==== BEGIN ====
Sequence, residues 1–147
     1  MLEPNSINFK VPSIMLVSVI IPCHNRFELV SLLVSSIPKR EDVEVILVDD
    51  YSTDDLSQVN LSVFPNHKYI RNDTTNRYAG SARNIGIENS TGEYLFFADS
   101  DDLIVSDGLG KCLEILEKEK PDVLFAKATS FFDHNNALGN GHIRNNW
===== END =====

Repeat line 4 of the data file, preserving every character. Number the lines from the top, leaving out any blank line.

   101  DDLIVSDGLG KCLEILEKEK PDVLFAKATS FFDHNNALGN GHIRNNW